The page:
Roanoke Remembers searches for solutions to gun violence

Loved ones of people killed by gunfire shared their stories

ROANOKE, Va. – William Fleming High School's auditorium filled to the brim with people who want to see peace in Roanoke.

The Roanoke Gun Violence Task Force organized Roanoke Remembers to allow gun violence survivors to share their stories while brainstorming for ways to stop more shootings from happening.

"This happens more than just in my family but to other families as well," said Malik Sallah, a collegiate wrestler from Roanoke whose father Jacob was shot and killed in October. "We need to change. We need to be better than that. We need to be better people. It's not hard to talk to people and try to be friends and not enemies."

The event features songs, poetry, and a memorial wall honoring the people who have been shot and killed in the Roanoke Valley.

Several surviving family members also addressed the crowd, including Sallah and Tenysia Rivera, a Howard University student whose dad was shot and killed when she was a child.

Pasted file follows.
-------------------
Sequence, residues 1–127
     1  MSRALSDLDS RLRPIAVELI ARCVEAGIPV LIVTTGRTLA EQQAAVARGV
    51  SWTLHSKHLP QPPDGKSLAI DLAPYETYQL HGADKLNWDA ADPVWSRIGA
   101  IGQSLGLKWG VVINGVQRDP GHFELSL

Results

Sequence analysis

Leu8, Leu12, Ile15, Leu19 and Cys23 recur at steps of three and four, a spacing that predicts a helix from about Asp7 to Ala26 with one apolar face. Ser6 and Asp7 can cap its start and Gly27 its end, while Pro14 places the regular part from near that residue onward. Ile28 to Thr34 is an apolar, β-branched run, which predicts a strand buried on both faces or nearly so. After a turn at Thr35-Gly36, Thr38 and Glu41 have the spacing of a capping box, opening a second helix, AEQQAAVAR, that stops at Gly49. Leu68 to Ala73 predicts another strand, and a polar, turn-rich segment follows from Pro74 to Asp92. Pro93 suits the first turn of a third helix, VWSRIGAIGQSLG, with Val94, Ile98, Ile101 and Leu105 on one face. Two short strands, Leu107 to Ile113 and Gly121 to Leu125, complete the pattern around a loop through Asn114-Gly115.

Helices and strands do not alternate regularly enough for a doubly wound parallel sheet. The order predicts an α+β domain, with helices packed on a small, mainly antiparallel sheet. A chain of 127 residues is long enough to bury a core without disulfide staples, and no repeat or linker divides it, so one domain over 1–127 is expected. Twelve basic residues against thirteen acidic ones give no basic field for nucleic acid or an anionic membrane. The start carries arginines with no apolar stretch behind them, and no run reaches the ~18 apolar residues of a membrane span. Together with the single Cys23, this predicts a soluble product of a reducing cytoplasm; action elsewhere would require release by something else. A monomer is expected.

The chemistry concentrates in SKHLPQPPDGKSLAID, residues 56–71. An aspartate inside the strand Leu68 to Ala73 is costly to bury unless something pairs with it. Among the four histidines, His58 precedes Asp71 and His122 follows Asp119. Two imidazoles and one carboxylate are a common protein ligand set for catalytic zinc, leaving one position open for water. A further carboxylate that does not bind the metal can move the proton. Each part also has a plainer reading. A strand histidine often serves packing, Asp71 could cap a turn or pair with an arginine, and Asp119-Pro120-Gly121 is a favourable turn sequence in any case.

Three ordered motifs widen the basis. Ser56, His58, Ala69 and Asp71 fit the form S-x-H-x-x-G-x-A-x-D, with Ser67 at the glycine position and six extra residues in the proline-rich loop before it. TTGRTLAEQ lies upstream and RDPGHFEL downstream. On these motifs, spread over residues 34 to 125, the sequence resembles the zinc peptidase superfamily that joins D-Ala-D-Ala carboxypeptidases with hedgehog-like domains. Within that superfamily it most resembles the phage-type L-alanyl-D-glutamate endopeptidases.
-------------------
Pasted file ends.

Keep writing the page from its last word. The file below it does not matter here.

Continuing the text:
"He died when I was 8. It's been 11 years," Rivera said. "A bullet came out and a bullet hit my father and now he's dead. That's the reality of it all."

Othes who lost ones to gun violence came to talk about their pain and talk about what should be done next. That included David Mitchell, whose 19-year-old stepson Jake Aldridge was killed in a shooting a year ago.

"it's a different kind of pain that you go through when you lose someone to a violent act like that, especially someone so young like Jake," Mitchell said.

Attendees wrote down their ideas for solutions, which the task force will look over. Additionally, the people who came received a list of mental health and counseling resources to help deal with their traumas.